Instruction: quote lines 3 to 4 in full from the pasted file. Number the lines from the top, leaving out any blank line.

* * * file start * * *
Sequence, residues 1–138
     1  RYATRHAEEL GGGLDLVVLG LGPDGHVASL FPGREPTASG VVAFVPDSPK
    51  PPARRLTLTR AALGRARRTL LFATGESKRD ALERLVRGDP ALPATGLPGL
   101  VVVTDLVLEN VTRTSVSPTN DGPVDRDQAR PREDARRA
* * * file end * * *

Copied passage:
    51  PPARRLTLTR AALGRARRTL LFATGESKRD ALERLVRGDP ALPATGLPGL
   101  VVVTDLVLEN VTRTSVSPTN DGPVDRDQAR PREDARRA